June 03, 2016

ACR 2016 Focuses on the Patient Experience

Radiologists who attended ACR 2016: The Crossroads of Radiology® received an expanded view of the College’s new Patient- and Family-Centered Care Initiative and descriptions of its ramifications for enhancing their relevance to medicine.

Numerous presentations emphasized that radiology’s long-term survival will revolve around its practitioners’ ability to earn their patients’ trust and get them to understand that diagnostic imaging performed and interpreted by radiologists is the essential starting point for their medical treatment.

During the prestigious Moreton Lecture, Andrew DeLao, a senior marketing manager with GE Medical Systems, warned radiologists that they will become irrelevant if they continue allow other physicians to tell their story. Hospitals and their radiologist departments are too geared toward efficiency and high throughput, with too little emphasis placed on allowing radiologists to communicate with patients about their imaging results and learn about their needs, he said.

To assert themselves, radiologist should pick up the phone and begin connecting with their patients, DeLao stressed.

“It is better that you do it than the primary care physician because the primary care doctor will use your words (taken from your radiologist’s reports) anyway,” he said.
James V. Rawson, MD, FACR, chair of the American College of Radiology’s Commission on Patient- and Family-Centered Care, argued in the separate presentation that radiologists need to engage patients because the people whom radiologists image should be considered experts when it comes to their unique perspectives as recipients of diagnostic and therapeutic imaging.

MD Anderson Cancer Center’s experience with patient satisfaction surveys suggests that radiologists should not rely only on the medical literature or general assertions about patients’ wants and needs. Joseph R. Steele, MD, a professor of interventional radiology at the Houston-based cancer center, advised ACR2016 attendees that every hospital serves a unique set of patients who have vastly different needs and desires that shape their healthcare experience. Radiologists should interact with patients informally at first to gain a direct understanding of their opinions before following up with a formal patient survey so these views can be measured, assessed and monitored along with continued direct patient contact as policies are implemented in response to their points of view.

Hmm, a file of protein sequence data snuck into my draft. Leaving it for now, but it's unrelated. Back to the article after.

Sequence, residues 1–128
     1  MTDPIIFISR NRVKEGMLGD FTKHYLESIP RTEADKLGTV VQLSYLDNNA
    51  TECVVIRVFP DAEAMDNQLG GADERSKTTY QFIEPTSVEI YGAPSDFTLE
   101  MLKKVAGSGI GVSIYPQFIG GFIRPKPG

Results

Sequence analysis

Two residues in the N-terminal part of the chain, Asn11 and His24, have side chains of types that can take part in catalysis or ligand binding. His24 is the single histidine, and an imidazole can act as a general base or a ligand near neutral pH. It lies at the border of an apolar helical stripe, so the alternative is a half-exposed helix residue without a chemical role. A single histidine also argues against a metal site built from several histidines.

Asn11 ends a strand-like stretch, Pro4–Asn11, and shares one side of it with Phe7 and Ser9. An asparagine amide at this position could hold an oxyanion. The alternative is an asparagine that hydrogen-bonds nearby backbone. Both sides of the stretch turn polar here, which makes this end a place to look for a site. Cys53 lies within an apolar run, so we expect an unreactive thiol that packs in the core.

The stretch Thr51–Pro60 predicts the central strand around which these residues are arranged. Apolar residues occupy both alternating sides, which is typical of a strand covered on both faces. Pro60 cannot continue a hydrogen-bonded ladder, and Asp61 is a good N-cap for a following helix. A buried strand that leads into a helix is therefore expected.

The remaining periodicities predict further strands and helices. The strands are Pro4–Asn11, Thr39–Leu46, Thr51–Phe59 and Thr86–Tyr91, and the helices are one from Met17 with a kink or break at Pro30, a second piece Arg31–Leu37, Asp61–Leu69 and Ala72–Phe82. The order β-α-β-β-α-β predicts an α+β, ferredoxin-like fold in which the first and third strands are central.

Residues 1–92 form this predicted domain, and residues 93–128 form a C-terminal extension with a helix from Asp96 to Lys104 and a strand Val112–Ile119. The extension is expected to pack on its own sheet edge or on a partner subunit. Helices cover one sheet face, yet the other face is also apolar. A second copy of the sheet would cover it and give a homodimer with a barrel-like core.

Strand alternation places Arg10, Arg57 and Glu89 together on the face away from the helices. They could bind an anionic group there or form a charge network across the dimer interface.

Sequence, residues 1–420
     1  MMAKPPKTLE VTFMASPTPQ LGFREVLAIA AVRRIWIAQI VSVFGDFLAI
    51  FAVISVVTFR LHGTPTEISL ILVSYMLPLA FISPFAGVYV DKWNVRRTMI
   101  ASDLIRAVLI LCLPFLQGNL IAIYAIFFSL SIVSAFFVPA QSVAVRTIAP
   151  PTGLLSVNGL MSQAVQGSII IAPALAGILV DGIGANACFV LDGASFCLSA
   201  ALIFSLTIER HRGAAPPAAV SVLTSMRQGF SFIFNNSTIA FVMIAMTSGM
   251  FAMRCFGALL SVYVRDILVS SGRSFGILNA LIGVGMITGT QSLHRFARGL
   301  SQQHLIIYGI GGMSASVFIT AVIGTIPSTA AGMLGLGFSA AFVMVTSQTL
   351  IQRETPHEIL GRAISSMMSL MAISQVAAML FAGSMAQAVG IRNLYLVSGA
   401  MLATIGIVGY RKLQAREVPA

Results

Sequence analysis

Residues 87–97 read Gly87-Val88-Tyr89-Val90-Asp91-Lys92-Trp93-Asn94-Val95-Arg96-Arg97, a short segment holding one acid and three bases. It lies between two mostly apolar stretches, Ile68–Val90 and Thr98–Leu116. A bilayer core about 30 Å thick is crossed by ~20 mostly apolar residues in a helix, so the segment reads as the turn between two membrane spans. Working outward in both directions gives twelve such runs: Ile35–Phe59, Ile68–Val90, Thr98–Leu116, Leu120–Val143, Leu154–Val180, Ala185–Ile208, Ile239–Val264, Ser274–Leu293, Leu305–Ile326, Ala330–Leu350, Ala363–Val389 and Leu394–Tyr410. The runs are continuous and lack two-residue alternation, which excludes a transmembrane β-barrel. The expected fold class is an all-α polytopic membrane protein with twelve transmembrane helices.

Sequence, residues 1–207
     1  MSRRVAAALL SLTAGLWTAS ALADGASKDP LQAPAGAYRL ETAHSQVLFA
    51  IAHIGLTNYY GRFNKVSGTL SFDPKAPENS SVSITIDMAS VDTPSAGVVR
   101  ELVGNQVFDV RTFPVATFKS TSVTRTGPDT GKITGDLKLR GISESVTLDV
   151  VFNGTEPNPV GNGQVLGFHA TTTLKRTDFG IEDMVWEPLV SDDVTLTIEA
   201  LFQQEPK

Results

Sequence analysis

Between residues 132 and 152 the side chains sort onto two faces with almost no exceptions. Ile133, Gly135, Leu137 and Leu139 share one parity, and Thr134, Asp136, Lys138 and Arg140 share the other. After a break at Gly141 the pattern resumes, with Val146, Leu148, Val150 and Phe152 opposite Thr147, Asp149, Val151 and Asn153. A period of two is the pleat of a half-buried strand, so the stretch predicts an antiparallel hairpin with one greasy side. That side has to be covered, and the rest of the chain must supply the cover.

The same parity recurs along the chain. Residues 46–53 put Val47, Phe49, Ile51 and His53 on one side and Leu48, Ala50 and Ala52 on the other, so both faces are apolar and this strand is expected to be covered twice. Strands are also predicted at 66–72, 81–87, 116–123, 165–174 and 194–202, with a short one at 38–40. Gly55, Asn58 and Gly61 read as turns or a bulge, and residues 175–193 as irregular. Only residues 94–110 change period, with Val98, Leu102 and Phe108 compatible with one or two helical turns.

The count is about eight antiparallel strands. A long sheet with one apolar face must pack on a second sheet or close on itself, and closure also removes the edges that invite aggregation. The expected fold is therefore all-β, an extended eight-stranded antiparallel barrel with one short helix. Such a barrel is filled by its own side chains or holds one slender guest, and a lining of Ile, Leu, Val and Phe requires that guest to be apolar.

In another session, Garry Choy, MD, MBA, a staff radiologist at Massachusetts General Hospital (MGH), explained that his department’s effort to create a positive patient experience begins with the first impression made in the waiting room through friendly receptionists, clean, comfortable furniture and a short wait before the imaging process begins.

With patient input, the staff developed a list of “Always” behaviors that apply to every patient all the time. This includes providing the patient with a precise estimate of his or her wait time, protecting patient privacy by placing the changing rooms as close as possible to the imaging suites and developing a smart phone app linked to the radiology information system so the technologists can quickly respond to changing room availability. Frequent patient orientation and re-orientation is emphasized, with every care provider, including radiologists, introducing themselves to patients and describing their role in the imaging and diagnostic process.

MGH also established a diagnostic radiology consultation clinic for patients through a collaboration between radiologists and primary care physicians (PCPs). Patients have given the service rave reviews, Choy said. Radiologists review imaging with patients via referrals from PCPs. The program has now been integrated into radiology resident rotation to become an integral part of training.

C. Matthew Hawkins, MD, a pediatric interventional radiologist at Emory University, stressed the need for community-building to establish sustainable momentum toward a “patient-first” culture for radiology. He believes social media, especially Twitter, offers an excellent mechanism to pursue this goal. He notes that all types of stakeholders representing patients, patient advocates, hospital administrators, and radiologic technologists and radiologists can join communal discussions to develop strategies and tactics to improve the patient experience. For an example, he pointed to the Radiology Hashtag #Ontology, which recorded 123,000 tweets from 28,000 different individuals in 2015.

“Our community needs to be defined by our traits, not less so by our science,” Hawkins said. “That’s how we are going to establish the discipline of performance improvement and to begin to understand how social media can be used strategically.”